What We’ll Drive in 2016

There have been lots of opinion pieces about Obama’s newly proposed Corporate Average Fuel Economy (CAFE) standards, and I’ve weighed in with my own views on the topic. Even though I dislike the full-employment-for-bureaucrats model to curb oil consumption and would prefer a simple, market-driven solution like higher fuel prices, the fact is that our future vehicle fleet will change dramatically.


Radically improved fuel economy isn’t necessarily the end of the world for performance enthusiasts. For as long as I can recall, new cars have gone through growth spurts like an athlete on steroids. It seems that every new model is bigger and more powerful — even the newest 50 MPG Prius and Scion’s xB offerings grew in size and power.

When cars downsized after the 1973 oil embargo, the former Big Three automakers’ small car offerings were hardly competitive with innovative models like Honda’s fuel-efficient Civic and Toyota’s durable Corolla. Chevy’s Vega had lots of innovative technology, but the aluminum engine without steel cylinder liners easily failed while Ford’s little Pinto was fun to drive until it either caught fire or rusted away.

Today, there’s a lot less arrogance in the corner office of a major automaker. Everyone knows that to survive in a universe of overproduction, intense competition, and lackluster demand, you can’t just be good. You had better be brilliant. And if an automaker makes the right moves, it will enhance its chances for survival.

These thoughts occurred to me as I watched the reaction of affluent people to the Northern California unveiling of the Fisker Karma S, a hardtop/convertible version of the company’s extended range electric luxury car. The cool looking Karma sedan was also a big hit with well-heeled residents from California’s Marin County who like the idea of driving green without sacrifice. If Fisker can deliver the car that’s promised on the website, his startup company will be wildly successful.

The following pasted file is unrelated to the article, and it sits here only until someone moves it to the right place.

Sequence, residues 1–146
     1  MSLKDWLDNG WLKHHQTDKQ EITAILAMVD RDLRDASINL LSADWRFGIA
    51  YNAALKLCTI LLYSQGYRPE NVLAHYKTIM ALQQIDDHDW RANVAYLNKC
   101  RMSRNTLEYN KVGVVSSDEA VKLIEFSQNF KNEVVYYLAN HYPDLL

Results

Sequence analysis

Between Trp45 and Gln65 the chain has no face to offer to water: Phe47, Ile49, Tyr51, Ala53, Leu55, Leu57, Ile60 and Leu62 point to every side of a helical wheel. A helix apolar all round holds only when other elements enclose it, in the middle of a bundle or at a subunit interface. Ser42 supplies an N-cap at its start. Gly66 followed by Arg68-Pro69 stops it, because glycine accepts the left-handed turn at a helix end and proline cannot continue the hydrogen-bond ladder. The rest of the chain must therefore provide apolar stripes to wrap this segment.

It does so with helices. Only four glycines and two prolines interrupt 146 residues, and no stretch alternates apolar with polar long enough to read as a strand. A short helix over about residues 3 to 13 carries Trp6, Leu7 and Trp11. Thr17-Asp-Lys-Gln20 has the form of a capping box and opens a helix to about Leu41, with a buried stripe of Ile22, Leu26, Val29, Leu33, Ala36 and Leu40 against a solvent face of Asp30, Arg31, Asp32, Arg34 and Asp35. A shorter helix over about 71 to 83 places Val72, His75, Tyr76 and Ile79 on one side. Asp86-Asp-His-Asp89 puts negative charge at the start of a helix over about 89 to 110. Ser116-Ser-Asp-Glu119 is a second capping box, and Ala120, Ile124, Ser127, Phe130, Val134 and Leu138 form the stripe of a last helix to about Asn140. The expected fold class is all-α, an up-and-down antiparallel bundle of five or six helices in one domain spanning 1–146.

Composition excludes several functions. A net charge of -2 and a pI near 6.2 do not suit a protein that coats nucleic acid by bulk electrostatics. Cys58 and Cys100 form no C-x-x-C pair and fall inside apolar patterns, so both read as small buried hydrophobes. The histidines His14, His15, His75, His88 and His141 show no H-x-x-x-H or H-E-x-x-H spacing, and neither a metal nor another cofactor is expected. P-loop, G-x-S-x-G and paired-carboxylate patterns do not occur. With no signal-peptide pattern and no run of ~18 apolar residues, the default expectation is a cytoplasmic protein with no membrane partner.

Ready or not, pure electric vehicles along with “extended range” or “plug-in” electric vehicles are well on the way to a showroom near you. GM is thrilled that the preliminary city mileage specifications for its Chevy Volt under the new “draft” EPA standard is 230 MPG. The company is confident that the EPA combined rating will remain in triple digits.

Nissan has pushed its pure electric car program forward, helped by a $1.6 billion taxpayer low-interest loan to retool its Smyrna, Tennessee plant. Ford secured $5.9 billion for similar requirements, and not to be outdone, GM has asked for a total of $10.3 billion to help its electric efforts. Silicon Valley darling Tesla scored $465 million to build a plant for its new electric sedan as soon as the company finds the right site with state and local tax relief. In vivid contrast, ZAP, a veteran California electric car builder, secured $25 million in private financing to develop and build its newest electric car.

So it’s clear that we’ll dramatically increase the availability of electric vehicles by the end of next year, and if sales take off, they could become ten percent of the vehicle fleet. The Obama administration is so pleased with this progress, the president and staff took to the road to announce $2.4 billion in stimulus grants to seven companies in Indiana and eleven in Michigan for 48 different projects to build batteries, drive components, and various vehicles. Mysteriously, Bright Automotive — an electric vehicle startup based in Anderson, Indiana — has yet to hear from the government about its $450 million loan application.


Although some of this money is targeted for charging stations, infrastructure improvement doesn’t appear to be part of the current dialogue. Most of our stimulus money is targeted for “shovel-ready” projects, a prerequisite that translates to pothole repair. At the same time, most potential buyers of electric vehicles live in urban areas and many are in apartments with no place to plug in. Wouldn’t a major electrification project make sense? And while we’re at it, small nuclear power generation to support those plugs?

So does this mean that we’ll all have to drive small appliances with rubber tires? Well, not really. Although the fuel economy ratings are pegged to hit 35.5 MPG by 2016, with passenger cars averaging 39 MPG and light trucks at 30 MPG, those are CAFE numbers and they don’t translate directly to EPA window stickers. So a passenger car with an EPA rating of 29 MPG can equal the CAFE rating of 39 MPG while a truck can translate from an EPA rating of 23 MPG to a CAFE of 30. If it makes your head hurt, imagine how the environmentalists feel about this bureaucratic slight of hand.

We’re still not certain what will happen to the exotic automakers like Aston Martin, who have lost their big parent (Ford) that produced a diverse range of small sippers to raise their CAFE numbers. If California had its way, Aston Martin and its dealers might be history. Instead, under federal rules, they might just have to pay fines.


In the meantime, if you want a thirsty, muscular vehicle, my advice is to buy it soon.


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